Opinion | Feeling Hopeless? Embrace It. – by Eric Utne – The New York Times

“. . .  The eco-philosopher Joanna Macy has described what she calls “despair and empowerment work”: “Just as grief work is a process by which bereaved persons unblock their numbed energies by acknowledging and grieving the loss of a loved one, so do we all need to unblock our feelings of despair about our threatened planet and the possible demise of our species. Until we do, our power of creative response will be crippled.”

The hippie back-to-the-land movement, combined with grass roots political organizing, really was the way to go. We need to regroup. We need a hyperlocal Green New Deal. We need to come together in diverse, intimate, place-based communities. And we need to segue now from the techno-industrial market economy to its sequel — much smaller-scale, less energy-intensive, more localized communities that prize food growing, knowledge sharing, inclusiveness and convivial neighborliness. We need to learn from cultures around the world that are still living as stewards of the larger, biotic community. This is the only kind of a society that might survive the rocky climacteric that already is upon us.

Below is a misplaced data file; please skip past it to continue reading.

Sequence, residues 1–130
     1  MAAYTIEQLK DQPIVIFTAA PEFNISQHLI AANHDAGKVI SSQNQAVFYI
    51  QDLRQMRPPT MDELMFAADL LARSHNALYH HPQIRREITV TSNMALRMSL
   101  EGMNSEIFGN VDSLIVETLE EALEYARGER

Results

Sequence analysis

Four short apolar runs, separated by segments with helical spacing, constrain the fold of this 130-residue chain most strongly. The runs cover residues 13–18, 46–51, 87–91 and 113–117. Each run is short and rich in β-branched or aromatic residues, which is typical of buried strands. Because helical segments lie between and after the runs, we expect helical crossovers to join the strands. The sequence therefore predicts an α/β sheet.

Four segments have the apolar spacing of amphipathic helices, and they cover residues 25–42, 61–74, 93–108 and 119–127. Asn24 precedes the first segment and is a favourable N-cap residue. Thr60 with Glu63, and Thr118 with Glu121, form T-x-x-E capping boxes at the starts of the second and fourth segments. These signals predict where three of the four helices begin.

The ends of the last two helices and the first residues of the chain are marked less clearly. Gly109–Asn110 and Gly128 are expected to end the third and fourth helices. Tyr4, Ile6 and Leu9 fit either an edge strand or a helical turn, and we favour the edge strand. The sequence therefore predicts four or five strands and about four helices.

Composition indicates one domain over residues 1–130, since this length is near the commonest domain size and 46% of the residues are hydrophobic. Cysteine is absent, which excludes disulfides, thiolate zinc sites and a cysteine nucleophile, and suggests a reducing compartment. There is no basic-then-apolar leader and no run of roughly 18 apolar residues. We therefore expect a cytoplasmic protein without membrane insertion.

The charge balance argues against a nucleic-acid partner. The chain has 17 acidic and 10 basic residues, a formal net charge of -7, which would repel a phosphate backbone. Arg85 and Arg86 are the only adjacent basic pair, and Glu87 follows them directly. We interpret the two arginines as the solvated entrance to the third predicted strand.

Do I have hope now? If hope means the expectation that someone (a new president) or something (geoengineering or some other techno-fix) is going to save us, then no. I’m hopeless, or rather “hope-free.”

Instead I subscribe to Vaclav Havel’s version of hope: “It’s not the conviction that something will turn out well, but the certainty that something makes sense, regardless of how it turns out.”